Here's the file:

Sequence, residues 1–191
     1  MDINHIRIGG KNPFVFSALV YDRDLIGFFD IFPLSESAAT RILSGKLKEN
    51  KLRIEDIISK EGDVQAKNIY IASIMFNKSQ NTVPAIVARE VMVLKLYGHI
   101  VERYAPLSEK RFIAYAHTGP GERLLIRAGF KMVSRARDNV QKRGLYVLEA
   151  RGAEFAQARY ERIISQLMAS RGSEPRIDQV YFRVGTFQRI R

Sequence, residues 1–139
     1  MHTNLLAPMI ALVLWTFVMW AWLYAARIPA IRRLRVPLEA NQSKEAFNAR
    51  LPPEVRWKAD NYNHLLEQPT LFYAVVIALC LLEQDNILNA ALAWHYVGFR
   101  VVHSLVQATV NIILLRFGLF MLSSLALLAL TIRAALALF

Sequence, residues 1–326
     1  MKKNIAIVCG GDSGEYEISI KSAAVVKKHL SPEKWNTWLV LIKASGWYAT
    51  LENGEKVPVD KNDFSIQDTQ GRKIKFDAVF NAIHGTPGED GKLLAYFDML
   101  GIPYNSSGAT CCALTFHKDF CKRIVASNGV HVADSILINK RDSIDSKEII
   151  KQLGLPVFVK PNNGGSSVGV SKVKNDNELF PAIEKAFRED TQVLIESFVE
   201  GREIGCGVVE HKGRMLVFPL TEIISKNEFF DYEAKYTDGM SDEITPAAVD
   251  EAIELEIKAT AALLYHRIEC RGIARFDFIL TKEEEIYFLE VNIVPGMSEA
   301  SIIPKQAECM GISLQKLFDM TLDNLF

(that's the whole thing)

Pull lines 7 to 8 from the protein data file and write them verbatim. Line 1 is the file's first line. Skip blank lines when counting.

     1  MHTNLLAPMI ALVLWTFVMW AWLYAARIPA IRRLRVPLEA NQSKEAFNAR
    51  LPPEVRWKAD NYNHLLEQPT LFYAVVIALC LLEQDNILNA ALAWHYVGFR